Following PP84, we supplement the above-specified set of governing equations with a polytropic equation of state, as defined in our overview of supplemental relations for time-independent problems. Specifically, we will assume that is related to through the relation,


or we can set,

Inverting the first of these two expressions allows us to immediately derive the density distribution throughout the torus from the derived algebraic expression for . Different density distributions will be obtained for different selected polytropic indexes and/or for different selected functional forms of the centrifugal potential.

Here, also following PP84, we impose a steady-state velocity flow-field that is described by a fluid with uniform specific angular momentum, . Drawing from our table of example simple rotation profiles, the centrifugal potential that describes this chosen flow-field is given by the expression,


Inserting the two supplemental relations into the governing algebraic expression for , we conclude that the polytropic tori studied by PP84 must have structures that satisfy the equation,

This is identical to Eq. (2.8) of PP84.


As PP84 point out, for these toroidal structures it is convenient to normalize all lengths to the position in the equatorial plane, , at which a fluid particle with specific angular momentum has an angular orbital frequency, , that matches the Keplerian orbital frequency associated with the point-mass, ,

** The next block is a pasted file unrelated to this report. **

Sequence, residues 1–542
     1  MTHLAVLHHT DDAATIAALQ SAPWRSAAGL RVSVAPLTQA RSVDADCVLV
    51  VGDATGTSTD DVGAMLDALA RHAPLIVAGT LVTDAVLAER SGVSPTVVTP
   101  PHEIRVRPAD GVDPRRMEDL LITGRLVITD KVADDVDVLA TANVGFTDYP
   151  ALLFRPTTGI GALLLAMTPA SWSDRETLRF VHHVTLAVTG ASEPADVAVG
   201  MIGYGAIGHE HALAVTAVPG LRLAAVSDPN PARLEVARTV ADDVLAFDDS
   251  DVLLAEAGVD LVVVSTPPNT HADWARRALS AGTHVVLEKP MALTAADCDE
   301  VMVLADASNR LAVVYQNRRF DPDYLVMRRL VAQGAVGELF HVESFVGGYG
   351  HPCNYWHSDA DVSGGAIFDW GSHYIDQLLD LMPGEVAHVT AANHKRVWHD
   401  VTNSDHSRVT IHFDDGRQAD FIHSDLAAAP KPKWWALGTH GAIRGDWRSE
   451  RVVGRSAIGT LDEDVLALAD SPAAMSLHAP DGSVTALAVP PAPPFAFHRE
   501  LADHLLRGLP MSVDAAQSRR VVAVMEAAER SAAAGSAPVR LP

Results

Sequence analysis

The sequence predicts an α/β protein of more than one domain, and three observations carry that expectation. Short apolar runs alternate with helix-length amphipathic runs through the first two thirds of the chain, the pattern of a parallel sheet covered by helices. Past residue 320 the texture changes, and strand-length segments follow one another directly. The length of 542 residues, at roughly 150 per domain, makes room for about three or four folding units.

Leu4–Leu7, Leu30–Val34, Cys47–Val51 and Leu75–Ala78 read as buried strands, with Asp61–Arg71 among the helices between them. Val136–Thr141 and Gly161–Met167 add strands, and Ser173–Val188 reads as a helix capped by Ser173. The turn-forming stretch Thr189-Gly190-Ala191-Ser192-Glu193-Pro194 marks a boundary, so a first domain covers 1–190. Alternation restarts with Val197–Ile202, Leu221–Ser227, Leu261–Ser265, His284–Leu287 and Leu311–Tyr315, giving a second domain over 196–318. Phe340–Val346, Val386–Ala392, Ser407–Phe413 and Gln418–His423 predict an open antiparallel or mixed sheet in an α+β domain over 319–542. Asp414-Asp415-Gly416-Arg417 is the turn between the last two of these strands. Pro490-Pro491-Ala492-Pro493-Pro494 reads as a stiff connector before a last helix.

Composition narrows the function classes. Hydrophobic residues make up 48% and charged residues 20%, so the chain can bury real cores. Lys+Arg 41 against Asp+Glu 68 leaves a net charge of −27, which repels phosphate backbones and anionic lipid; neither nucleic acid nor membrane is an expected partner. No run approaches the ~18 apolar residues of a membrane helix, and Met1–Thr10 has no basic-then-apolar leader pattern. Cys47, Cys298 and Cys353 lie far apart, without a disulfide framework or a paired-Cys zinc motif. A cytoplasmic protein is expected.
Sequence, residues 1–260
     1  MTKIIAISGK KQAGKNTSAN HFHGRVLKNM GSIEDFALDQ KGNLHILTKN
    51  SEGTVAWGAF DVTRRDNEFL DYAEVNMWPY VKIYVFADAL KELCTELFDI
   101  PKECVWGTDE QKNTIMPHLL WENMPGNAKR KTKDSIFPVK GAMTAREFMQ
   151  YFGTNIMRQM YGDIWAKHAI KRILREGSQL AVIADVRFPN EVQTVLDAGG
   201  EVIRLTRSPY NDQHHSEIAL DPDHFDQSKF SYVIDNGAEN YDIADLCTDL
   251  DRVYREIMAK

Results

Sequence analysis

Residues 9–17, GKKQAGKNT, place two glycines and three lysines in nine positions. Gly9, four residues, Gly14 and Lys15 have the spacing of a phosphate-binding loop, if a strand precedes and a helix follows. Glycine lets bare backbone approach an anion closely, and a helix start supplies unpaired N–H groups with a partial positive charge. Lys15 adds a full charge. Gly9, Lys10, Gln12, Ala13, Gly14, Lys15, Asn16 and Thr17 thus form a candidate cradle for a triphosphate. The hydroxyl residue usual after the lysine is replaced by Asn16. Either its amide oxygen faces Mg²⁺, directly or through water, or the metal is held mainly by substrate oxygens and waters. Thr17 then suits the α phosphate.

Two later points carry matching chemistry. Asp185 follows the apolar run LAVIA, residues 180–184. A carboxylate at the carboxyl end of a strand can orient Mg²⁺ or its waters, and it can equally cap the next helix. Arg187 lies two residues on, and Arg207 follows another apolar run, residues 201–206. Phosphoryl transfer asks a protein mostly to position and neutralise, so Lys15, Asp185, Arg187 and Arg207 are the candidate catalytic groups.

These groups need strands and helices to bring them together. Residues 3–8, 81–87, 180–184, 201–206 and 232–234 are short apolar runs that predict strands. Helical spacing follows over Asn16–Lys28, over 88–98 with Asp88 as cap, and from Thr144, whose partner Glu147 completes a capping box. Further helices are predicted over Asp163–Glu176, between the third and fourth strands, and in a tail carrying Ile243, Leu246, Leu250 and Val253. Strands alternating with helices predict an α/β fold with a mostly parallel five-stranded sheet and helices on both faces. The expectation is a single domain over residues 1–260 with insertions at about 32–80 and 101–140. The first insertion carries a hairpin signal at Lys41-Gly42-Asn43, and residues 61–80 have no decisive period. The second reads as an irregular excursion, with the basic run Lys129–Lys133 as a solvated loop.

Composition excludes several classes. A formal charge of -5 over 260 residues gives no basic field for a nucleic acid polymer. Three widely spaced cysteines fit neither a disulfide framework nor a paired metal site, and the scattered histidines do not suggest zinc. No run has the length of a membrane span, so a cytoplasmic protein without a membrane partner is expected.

That is, it is convenient to define the dimensionless coordinates,


The algebraic relation defining the equilibrium structure then becomes,

where the normalized Bernoulli constant,

It is worth noting that, in terms of the dimensionless radial coordinate , the angular velocity and azimuthal velocity at any point inside the torus are, respectively,


where is the Keplerian frequency at and is the azimuthal velocity at .

Pressure Maximum

It is instructive to examine at what location inside the torus the enthalpy (and density and gas pressure) assumes its maximum value. At any radial location, , has a vertical maximum where That is, the maximum occurs where,